Prompted by the recent violence that erupted, the House of Representatives Committee on Foreign Affairs held a hearing yesterday to examine the current conflict and discuss possible policy options the United States and other nations should explore in order to avoid an all-out war in the region.
President Obama released a statement over the weekend to the citizens of Sudan and South Sudan. South Sudan, nearing its one-year anniversary of independence from Sudan in June, has been disputing borders and control of important oil-rich regions with Sudan for several months. In recent weeks, disputes have turned increasingly violent.
President Obama's message was clear, that "conflict is not inevitable," and there is still time to lay down weapons and come back to the negotiating table. He called on Sudan "to halt all military actions, including aerial bombardments; give aid workers unfettered access to people in need; and end support for armed groups." He also requested that South Sudan "end its support for armed groups inside Sudan and cease its military actions across the border."
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South Sudan and Sudan continue to fight for territory. The regime's target is now the people in the Nuba Mountains in South Kordofan. More than a 100,000 residents have fled to the south after violence erupted in the contested region of Abyei. The Sudan's President Omar al-Bashir has denied international relief for the people, and government military forces continue to move south, encouraged by the lack of response from around the world.
Escalating the mass murders of the Nuba and Blue Nile population, the Sudanese regime has deployed bombers to the border regions. Reporters describe being on the ground when suddenly civilians scramble to find a hiding place whenever they hear planes. Thousands are living in caves, hoping that heavy boulders will provide shelter from the bombings. The wounded have to be driven to American hospitals, more than five hours away. Sudanese officials declare that the bombers have been sent to target rebel forces; however survivors and foreign reporters argue that civilians are being targeted. Along with eliminating natural resources, government military units have captured children and raided homes. They have also allegedly fired weapons into unarmed crowds and randomly rounded people up for execution.
The International Criminal Court (ICC) has issued a warrant for the arrest of Sudanese Defense Minister Abdelrahim Mohamed Hussein, stemming from the Court's investigation of crimes committed in the Darfur region. This follows the arrest warrant issued previously for Sudanese President Omar al-Bashir, who remains wanted by the ICC.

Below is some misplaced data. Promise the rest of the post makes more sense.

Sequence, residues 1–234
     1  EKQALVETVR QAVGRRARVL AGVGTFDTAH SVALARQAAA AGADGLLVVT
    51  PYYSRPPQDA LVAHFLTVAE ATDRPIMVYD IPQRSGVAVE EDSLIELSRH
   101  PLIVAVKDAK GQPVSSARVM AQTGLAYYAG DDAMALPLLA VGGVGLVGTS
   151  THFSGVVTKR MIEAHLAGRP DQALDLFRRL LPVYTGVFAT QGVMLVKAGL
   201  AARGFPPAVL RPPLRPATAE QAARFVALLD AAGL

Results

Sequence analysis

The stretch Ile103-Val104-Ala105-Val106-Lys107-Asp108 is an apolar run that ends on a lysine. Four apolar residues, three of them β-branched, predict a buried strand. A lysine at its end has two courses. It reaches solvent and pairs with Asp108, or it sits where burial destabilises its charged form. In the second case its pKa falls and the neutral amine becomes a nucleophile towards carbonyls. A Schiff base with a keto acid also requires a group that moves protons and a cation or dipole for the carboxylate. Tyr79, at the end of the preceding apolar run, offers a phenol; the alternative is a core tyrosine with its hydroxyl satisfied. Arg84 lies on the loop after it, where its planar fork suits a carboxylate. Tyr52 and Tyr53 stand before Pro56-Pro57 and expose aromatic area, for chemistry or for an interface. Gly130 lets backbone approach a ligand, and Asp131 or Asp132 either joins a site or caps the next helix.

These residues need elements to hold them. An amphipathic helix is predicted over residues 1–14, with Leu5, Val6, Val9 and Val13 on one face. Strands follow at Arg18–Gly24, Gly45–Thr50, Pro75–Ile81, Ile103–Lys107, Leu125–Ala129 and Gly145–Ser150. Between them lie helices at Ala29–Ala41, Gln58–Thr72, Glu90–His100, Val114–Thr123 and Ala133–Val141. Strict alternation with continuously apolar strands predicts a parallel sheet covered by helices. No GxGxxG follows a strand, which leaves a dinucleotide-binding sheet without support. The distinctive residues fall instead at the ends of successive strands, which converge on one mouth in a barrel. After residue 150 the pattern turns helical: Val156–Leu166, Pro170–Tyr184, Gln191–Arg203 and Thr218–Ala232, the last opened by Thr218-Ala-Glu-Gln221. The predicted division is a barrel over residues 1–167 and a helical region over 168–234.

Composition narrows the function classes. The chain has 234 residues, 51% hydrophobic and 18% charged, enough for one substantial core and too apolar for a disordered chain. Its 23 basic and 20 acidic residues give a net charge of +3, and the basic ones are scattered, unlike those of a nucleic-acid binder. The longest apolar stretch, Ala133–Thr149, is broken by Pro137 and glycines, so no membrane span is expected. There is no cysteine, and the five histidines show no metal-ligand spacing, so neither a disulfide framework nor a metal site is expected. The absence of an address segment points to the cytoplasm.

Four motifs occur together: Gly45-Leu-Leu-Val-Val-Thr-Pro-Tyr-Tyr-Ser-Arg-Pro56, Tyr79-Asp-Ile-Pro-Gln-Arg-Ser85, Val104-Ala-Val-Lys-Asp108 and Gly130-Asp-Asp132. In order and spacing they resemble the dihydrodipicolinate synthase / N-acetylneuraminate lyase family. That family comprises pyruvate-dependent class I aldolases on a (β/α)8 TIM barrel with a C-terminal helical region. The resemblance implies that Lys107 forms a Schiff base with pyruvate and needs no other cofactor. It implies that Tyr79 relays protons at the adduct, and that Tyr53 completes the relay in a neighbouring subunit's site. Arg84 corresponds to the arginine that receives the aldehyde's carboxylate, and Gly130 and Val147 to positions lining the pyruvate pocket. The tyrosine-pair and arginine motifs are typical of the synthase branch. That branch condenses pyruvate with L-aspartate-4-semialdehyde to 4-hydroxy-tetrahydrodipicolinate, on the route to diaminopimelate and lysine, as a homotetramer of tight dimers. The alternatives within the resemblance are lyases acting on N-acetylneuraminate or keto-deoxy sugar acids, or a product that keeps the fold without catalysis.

Hussein is charged with crimes against humanity and war crimes in Darfur. He is a close ally of Bashir and leader of a campaign against rebels in the South Kordofan and Blue Nile southern border states of Sudan.
ICC Prosecutor Luis Moreno-Ocampo noted that "Mr. Hussein played a central role in coordinating ...crimes, including in recruiting, mobilizing, funding, arming, training and the deployment of the militia/Janjaweed as part of the government of the Sudan forces, with the knowledge that these forces would commit the crimes."
GlobalSolutions.org applauds the ICC for taking action and issuing the arrest warrant for Hussein. Hopefully he will swiftly be brought to justice and held accountable, accelerating the process of bringing justice to victims in Darfur and lasting peace to the troubled region.
A Kenyan court today issued an arrest warrant for Sudanese President Omar al-Bashir, who has been indicted by the International Criminal Court (ICC) on charges of genocide, war crimes, and crimes against humanity. This decision will hopefully put an end to the impunity Bashir had previously enjoyed when he traveled to the country.
As a state party to the ICC, Kenya is legally obligated to turn over Bashir and any other individuals indicted by the Court as soon as they set foot on its soil. However, in August of 2010 Bashir visited Kenya without being arrested, illustrating the gap in the ICC's ability to enforce cooperation among its member states when it comes to turning over indictees. ICC judges then reported Kenya to the United Nations Security Council for its failure to turn over Bashir.
It's gratifying to see Kenya stepping up to the plate and declaring that it will live up to its obligations as an ICC state party. The only way the Court can enforce its warrants and bring criminals to justice is if all its member states follow this example. Hopefully Kenya is setting a precedent that other nations who have previously hosted criminals like Bashir will follow, hastening the day he will face justice in the Hague.